47,000 borrowers identified as mortgage prisoners
The regulator has identified 47,000 borrowers who are mortgage prisoners.
The Financial Conduct Authority said that, ‘despite being up to date with payments, they cannot switch when it might benefit them to do so, because they have loan and/or borrower characteristics that are outside current lender appetite’.
In other words, lenders think they’re too risky to lend to.
It also found 66,000 borrowers who may be able to switch. These borrowers have not yet tried to switch, and the regulator suggested that consumer organisations or a mortgage intermediary may be able to help them assess whether they can save money, or otherwise benefit, by switching.
In total there are 195,000 borrowers with a mortgage with a firm that is now inactive – not lending or able to offer them a new mortgage deal.
Sarah Coles, personal finance analyst at Hargreaves Lansdown, said: “Almost 50,000 mortgage prisoners are still stranded on horrendously expensive mortgages, according to FCA figures, but the real number of people trapped is closer to 100,000, and they face a nightmare Catch 22.
“Prisoners are trapped in a vicious circle. They’re often paying a far higher interest rate than everyone else, and while the average rate of 4.3% is bad enough, 3% of them are paying over 5%.
“It means they’re completely focused on making ends meet, so tackling their underlying problems becomes a Herculean task. If every penny is going on your existing mortgage, it’s harder to pay down a big outstanding interest-only balance. Likewise, if it absorbs a major chunk of your income, you run the risk of missing payments. And both of these things make you more likely to remain a prisoner for even longer.”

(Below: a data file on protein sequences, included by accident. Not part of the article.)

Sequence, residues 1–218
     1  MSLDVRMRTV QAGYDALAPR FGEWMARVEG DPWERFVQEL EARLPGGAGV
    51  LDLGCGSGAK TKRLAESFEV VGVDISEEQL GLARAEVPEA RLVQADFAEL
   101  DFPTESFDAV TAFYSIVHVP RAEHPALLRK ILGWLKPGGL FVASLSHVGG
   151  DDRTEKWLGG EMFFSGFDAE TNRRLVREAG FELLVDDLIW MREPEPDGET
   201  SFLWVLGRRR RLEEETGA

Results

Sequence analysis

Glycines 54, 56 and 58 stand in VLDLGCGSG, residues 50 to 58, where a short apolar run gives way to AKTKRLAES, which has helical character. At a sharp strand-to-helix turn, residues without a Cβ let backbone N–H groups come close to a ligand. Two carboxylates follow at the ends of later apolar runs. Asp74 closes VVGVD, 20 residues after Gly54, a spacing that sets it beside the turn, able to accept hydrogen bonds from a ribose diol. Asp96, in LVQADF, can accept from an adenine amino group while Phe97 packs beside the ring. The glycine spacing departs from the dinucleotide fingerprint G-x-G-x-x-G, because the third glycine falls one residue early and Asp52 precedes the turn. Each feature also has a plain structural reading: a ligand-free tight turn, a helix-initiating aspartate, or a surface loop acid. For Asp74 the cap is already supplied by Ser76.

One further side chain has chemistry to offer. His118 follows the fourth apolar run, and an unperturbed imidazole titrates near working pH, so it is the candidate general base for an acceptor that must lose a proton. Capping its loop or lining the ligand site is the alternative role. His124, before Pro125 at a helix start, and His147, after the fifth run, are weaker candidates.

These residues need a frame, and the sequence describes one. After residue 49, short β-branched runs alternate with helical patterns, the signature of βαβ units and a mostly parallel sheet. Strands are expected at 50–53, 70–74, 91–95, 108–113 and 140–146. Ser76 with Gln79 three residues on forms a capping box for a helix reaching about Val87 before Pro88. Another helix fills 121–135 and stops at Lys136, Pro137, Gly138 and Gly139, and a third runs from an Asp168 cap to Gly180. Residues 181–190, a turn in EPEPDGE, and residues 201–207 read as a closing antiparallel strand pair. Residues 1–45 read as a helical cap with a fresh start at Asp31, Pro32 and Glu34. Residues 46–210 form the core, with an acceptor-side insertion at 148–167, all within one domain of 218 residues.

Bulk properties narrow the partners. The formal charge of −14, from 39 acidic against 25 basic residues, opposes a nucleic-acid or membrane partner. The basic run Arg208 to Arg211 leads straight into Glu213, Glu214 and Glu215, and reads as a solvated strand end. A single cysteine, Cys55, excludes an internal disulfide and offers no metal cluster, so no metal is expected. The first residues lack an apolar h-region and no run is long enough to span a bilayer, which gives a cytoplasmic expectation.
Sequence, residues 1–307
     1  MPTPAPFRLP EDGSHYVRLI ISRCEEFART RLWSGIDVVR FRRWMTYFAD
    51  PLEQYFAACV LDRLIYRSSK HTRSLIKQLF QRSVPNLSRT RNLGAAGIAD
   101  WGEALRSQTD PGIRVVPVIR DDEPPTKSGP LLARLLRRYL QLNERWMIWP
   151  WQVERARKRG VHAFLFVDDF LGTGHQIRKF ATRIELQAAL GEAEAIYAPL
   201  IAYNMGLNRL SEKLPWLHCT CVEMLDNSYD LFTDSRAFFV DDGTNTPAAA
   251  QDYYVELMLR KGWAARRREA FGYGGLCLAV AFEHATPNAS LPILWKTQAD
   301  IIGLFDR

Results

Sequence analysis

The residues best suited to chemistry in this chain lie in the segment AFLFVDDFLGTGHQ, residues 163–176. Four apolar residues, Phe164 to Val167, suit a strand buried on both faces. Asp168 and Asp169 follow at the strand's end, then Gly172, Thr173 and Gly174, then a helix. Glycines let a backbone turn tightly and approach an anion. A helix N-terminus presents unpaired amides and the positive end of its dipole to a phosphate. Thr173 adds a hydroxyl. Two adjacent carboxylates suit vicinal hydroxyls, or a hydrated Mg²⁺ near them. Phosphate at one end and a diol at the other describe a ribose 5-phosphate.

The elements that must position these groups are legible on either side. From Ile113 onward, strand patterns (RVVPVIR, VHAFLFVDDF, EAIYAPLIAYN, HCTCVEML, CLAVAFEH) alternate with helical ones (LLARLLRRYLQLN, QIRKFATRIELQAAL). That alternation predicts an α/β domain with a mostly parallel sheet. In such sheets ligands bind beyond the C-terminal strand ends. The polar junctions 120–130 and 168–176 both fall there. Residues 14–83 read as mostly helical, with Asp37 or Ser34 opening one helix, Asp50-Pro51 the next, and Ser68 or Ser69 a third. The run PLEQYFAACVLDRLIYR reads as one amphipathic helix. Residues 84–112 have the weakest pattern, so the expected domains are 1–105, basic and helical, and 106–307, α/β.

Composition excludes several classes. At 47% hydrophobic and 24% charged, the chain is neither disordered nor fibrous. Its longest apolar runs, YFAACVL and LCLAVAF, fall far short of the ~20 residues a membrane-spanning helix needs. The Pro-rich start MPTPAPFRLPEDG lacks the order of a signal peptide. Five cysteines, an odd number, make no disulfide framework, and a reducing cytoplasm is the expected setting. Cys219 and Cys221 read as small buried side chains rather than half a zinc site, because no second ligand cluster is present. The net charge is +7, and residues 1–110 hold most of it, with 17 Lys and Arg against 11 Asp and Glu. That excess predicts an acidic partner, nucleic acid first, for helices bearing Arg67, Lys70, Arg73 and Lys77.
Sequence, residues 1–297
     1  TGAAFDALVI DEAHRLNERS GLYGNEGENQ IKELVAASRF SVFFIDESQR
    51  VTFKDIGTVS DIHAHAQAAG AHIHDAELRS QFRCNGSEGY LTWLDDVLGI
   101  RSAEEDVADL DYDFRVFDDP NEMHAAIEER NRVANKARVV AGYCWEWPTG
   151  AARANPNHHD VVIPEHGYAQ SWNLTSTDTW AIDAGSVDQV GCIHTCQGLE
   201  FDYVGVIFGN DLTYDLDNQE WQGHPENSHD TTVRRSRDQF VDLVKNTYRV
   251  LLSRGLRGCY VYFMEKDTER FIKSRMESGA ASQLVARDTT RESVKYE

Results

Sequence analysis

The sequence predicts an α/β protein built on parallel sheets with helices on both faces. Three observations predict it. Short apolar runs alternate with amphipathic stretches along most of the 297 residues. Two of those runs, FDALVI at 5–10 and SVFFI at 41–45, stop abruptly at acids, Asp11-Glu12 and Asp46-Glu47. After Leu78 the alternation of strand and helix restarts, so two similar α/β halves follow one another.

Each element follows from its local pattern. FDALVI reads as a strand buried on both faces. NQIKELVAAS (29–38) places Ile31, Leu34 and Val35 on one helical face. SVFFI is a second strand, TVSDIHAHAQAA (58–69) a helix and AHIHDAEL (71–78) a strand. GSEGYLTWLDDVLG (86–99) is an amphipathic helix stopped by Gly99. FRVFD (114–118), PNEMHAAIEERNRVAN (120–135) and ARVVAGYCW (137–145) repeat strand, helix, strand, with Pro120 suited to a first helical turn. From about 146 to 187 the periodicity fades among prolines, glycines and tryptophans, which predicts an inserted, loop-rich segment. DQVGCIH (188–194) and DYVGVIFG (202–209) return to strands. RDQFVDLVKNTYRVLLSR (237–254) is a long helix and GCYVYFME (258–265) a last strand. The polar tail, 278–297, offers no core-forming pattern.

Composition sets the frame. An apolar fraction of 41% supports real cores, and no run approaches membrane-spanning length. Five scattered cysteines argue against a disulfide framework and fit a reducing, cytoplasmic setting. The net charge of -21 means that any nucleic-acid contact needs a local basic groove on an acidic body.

Are lenders doing enough?
In October 2019 the regulator changed the rules to try to help mortgage prisoners. It told lenders they could relax the usual affordalibity rules in order to help mortgage prisoners switch to a more affordable deal.
But the results weren’t as positive as expected. The FCA found that only 200 mortgage prisoners have been helped to switch under the new rules from just five lenders.
It said that it hopes more mortgage prisoners will be able to switch their mortgage and encourages lenders to amend their lending criteria to lend to mortgage prisoners who are close to their risk appetite.
Coles adds: “The FCA is calling on lenders to be more flexible with borrowers who are close to meeting their criteria, which it estimates could help 6,000 of these prisoners.
“For those who still can’t remortgage, it hopes they will be encouraged to get help from debt charities or consumer groups on taking steps to make a switch more likely. This includes things like improving their credit score or paying down some of their interest only mortgage. Of course, both these things would be far easier if they were able to get a cheaper deal in the interim.”